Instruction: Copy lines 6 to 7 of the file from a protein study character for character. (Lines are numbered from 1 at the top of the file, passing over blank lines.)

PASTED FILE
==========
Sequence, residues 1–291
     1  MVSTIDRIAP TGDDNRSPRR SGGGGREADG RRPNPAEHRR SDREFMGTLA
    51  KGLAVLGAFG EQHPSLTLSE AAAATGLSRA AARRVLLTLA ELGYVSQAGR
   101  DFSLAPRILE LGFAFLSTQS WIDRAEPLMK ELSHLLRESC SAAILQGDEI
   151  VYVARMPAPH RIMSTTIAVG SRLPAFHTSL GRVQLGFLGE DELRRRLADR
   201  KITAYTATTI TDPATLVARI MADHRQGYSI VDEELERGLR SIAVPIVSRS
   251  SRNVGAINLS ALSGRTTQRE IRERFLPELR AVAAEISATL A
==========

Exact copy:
   201  KITAYTATTI TDPATLVARI MADHRQGYSI VDEELERGLR SIAVPIVSRS
   251  SRNVGAINLS ALSGRTTQRE IRERFLPELR AVAAEISATL A